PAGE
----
China has never renounced the use of force to take back what it deems a wayward province, and Taiwan's defence ministry says China has more than 1,000 missiles directed at the island.
"Strengthening underwater combat capabilities is most needed in Taiwan's defense," Tsai said during a tour of a submarine at the southern naval port of Zuoying, about 350 kilometers (218 miles) from the capital, Taipei.
"This is a problem everyone recognizes," she added. "We have been unable to solve this in the past. As commander of the armed forces, I am determined to solve this problem."
But the rare appearance of two of Taiwan's four submarines at the event also spotlighted the island's slow, sometimes stalled efforts, to upgrade key defence equipment.
The black-hulled vessel half-submerged in the water that Tsai visited has been in service for nearly half a century.
"Making a submarine isn't the problem," said Gao Chung-hsing, vice president of the National Chung-shan Institute of Technology, a quasi-defence ministry agency reponsible for military research and development.
"It is making what kind of submarine that is the problem."
To build an advanced submarine, for instance, Taiwan, which has never before built such a craft, will have to rely on foreign technology to resolve issues such as integrating the hardware with various electronic systems, defence experts say.
Such foreign support is critical to Taiwan's effort, which was allocated a four-year budget of T$3 billion ($99 million) for its design contract phase from 2016, Taiwan defence officials and experts say.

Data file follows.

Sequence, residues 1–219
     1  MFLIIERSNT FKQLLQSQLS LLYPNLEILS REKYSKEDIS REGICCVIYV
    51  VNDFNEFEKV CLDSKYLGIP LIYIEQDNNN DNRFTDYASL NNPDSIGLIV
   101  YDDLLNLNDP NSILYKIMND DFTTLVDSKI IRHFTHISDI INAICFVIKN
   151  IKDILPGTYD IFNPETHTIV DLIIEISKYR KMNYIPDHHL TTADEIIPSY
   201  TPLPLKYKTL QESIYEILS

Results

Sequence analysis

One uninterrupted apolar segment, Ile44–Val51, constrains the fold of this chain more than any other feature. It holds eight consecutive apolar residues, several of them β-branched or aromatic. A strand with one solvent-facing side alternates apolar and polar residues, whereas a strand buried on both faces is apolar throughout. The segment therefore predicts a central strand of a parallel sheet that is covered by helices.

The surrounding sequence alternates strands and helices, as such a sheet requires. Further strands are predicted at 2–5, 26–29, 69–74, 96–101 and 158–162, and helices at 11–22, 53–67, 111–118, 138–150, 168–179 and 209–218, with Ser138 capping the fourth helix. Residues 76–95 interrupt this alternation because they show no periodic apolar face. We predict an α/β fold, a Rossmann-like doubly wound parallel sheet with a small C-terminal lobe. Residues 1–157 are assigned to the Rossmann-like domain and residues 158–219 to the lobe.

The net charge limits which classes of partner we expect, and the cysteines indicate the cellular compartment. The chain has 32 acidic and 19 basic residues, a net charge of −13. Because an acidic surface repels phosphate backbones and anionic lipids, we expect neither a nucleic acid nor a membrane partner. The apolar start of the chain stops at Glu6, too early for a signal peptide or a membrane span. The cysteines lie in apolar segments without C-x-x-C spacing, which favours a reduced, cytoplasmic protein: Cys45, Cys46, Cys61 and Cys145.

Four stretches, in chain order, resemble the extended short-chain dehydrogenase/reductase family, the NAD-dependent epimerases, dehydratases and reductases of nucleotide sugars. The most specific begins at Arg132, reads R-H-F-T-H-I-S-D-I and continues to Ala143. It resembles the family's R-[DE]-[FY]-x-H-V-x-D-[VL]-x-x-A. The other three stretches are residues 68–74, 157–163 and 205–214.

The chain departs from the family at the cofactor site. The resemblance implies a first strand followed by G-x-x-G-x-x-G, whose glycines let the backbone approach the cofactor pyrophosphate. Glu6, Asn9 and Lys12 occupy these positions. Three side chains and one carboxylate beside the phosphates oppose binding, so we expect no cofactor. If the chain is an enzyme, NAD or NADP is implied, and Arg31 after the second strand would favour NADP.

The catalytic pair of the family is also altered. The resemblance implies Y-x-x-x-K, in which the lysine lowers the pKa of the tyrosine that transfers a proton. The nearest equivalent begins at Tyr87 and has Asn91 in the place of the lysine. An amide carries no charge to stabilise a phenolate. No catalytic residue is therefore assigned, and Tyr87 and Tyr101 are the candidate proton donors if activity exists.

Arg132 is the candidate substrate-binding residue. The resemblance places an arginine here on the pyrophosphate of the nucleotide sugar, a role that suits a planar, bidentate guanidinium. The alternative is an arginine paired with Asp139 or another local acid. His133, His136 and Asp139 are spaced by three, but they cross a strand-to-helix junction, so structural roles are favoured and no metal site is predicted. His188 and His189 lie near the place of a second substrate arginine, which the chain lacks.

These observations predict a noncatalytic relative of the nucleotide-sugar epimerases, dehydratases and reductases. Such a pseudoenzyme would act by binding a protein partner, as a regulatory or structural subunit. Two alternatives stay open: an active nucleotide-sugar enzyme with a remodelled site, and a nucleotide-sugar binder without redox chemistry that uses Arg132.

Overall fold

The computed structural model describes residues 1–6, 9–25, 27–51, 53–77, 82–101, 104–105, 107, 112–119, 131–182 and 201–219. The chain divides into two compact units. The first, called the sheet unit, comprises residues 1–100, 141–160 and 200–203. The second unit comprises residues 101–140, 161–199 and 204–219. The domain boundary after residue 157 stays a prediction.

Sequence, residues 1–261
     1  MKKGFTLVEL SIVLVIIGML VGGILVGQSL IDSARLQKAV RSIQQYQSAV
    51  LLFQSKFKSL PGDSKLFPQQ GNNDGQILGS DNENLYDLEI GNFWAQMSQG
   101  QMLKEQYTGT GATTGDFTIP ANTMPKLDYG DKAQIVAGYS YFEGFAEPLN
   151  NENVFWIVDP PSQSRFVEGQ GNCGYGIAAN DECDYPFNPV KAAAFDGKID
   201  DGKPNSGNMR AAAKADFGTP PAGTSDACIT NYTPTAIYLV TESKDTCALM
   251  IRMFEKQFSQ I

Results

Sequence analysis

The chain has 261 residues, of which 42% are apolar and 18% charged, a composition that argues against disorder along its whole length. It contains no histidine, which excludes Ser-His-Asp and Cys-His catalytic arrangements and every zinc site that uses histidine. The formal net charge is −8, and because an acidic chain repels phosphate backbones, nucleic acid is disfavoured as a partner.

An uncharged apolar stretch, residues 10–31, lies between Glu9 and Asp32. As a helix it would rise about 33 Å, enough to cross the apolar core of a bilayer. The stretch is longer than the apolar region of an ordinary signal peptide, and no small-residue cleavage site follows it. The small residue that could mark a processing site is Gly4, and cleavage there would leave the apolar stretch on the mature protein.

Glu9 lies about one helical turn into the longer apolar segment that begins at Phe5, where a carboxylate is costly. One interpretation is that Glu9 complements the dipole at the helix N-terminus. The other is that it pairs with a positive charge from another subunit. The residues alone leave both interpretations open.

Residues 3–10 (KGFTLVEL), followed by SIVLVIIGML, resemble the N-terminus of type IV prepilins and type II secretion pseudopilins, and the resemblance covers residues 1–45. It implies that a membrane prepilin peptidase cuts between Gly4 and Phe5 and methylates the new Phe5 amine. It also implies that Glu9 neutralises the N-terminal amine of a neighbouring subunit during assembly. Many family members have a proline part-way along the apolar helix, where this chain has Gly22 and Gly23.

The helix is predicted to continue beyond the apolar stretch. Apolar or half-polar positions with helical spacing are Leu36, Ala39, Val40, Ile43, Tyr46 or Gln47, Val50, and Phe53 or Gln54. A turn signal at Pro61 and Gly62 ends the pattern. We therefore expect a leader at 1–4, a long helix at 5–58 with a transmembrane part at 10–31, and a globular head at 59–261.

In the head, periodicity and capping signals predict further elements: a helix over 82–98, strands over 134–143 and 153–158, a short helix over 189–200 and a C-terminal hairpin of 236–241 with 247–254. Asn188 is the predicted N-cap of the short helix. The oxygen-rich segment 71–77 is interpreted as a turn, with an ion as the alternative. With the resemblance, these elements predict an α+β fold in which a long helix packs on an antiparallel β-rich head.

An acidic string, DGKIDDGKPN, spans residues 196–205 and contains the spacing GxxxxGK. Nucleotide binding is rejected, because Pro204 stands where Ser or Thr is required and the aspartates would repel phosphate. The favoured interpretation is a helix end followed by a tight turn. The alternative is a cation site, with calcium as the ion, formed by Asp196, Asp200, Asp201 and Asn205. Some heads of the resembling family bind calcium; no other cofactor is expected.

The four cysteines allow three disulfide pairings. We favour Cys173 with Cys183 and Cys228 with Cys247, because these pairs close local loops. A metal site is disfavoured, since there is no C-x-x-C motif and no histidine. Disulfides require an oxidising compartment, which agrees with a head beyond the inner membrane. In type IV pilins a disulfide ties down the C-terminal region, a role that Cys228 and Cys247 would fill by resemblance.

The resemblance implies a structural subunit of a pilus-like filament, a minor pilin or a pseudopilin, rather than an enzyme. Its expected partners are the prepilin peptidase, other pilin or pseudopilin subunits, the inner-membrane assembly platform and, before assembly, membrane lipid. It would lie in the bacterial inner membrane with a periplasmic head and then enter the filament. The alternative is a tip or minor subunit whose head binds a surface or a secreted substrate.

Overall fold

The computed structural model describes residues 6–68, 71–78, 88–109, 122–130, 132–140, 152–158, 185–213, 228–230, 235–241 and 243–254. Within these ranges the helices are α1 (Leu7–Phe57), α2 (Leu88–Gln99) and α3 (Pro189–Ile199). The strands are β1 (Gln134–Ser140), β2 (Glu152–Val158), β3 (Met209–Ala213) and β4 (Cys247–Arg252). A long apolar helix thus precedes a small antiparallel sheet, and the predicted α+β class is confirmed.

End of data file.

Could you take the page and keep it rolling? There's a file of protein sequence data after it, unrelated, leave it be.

Although the United States agreed to sell Taiwan eight diesel electric submarines in 2001, the purchase never went through, beset by hurdles ranging from budget issues and lack of consensus in Taiwan to changing U.S. policy priorities.
Washington has begun considering a big, new arms package for Taiwan, a move sure to anger China.
This week, officials in Taiwan fretted that a planned summit meeting between U.S. President Donald Trump and Chinese President Xi Jinping could sacrifice Taiwan's interests.
Tsai, who leads the independence-leaning ruling Democratic Progressive Party (DPP), has never conceded to Beijing's view that Taiwan is a part of China, although she has soft-pedalled the issue since taking office in May last year.
In December, Taiwan briefly celebrated a diplomatic coup when Trump, then president-elect, took a congratulatory phone call from Tsai and raised questions about whether he would stick with the four-decade-old "one China" policy.
Trump changed tack last month, however, and agreed to honour the "one China" policy during a phone call with Xi, reviving the island's concerns about its vulnerability.
"If there was no threat across the Taiwan Strait, then we do not have to purchase arms," Defence Minister Feng Shih-kuan told Taiwan's parliament on Monday.
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